Exploding Rectifier Diodes ranks high among the questions found in forms related to restoring test equipment. Vishay’s diode family, made up of the ES1A, ES1B, ES1C and ES1D, provide a nice workaround for the problem. To understand, let us recapitulate. When a diode is switched “off”, the current initially flows the other way while separating the pn junction. Once this separation has taken place, the diode is “locked” – sadly, quite a bit of power can be dissipated during the switch-off process. Engineers seeking a recapitulation are advised to look at MicroSemi’s application note found by Clicking Here – it also sourced the figure included here.
…a faster reverse recovery time means less current “burn”
The theoretic recovery time in the range of 15ns would lead to an allowed maximum frequency of 66.7 MHz – while this, of course, is much too high, parts working with a 400KhZ or a 1MhZ switching frequency do not need to worry when a Vishay ES1B-E3/61T is in place. The forward current of up to 1A should also be enough for most smaller systems – as things get bigger, different diode families need to be used.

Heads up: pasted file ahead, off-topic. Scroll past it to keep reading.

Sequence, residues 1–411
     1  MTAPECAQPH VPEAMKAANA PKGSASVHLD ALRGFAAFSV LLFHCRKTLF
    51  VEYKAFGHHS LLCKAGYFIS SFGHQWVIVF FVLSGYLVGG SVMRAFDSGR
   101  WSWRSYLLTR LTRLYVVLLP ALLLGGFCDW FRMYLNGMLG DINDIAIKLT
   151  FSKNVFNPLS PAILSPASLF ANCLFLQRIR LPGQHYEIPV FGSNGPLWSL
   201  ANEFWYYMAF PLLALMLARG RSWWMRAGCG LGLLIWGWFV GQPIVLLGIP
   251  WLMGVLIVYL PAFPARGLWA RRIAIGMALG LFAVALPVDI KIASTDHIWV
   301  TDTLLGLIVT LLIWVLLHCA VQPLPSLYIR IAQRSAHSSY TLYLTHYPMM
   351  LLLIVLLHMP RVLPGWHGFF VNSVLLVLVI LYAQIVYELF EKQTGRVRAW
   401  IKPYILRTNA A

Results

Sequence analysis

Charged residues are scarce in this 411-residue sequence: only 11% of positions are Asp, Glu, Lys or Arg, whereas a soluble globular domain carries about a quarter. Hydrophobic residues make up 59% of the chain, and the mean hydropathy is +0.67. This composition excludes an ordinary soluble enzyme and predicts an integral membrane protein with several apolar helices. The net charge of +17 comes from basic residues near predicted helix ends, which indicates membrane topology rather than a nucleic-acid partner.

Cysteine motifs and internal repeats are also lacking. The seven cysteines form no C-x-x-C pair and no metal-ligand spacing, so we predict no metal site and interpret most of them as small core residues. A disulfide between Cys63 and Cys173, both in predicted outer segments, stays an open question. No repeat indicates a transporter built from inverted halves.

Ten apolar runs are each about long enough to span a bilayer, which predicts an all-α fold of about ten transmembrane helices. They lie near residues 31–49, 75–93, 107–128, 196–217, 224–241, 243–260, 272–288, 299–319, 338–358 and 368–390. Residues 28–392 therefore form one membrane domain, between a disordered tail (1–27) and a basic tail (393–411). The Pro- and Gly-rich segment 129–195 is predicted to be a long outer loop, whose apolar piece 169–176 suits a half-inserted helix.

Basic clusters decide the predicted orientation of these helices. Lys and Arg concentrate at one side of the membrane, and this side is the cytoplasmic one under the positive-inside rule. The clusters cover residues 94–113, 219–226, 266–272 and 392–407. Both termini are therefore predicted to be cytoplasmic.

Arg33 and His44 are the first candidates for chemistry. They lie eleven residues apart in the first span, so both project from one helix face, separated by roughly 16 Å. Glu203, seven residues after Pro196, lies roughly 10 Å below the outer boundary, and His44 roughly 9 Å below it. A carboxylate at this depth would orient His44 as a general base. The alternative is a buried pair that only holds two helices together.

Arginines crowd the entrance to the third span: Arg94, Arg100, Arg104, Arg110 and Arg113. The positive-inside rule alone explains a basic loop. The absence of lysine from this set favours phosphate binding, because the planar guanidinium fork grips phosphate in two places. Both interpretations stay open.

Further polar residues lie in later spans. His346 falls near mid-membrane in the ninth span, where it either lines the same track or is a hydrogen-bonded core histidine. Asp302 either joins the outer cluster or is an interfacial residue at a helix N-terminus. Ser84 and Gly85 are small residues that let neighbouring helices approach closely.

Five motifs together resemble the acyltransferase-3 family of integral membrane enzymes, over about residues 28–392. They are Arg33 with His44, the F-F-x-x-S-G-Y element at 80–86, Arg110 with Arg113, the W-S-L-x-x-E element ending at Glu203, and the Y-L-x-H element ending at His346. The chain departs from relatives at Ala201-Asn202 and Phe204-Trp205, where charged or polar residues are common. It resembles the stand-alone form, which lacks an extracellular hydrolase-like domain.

From a technical point of view, the four diode families mainly differ in the amount of reverse voltage they can stand. Our table compares the four candidates – if ES1A vs ES1D is your question, look no further.
This table compares the various members of the diode family…
Deploying the ES1C in a PCB is made easy by its SMA (DO-214AC) case, which can be handled by pick-and-place machines effortlessly. It can, however, also be soldered by hand reasonably well.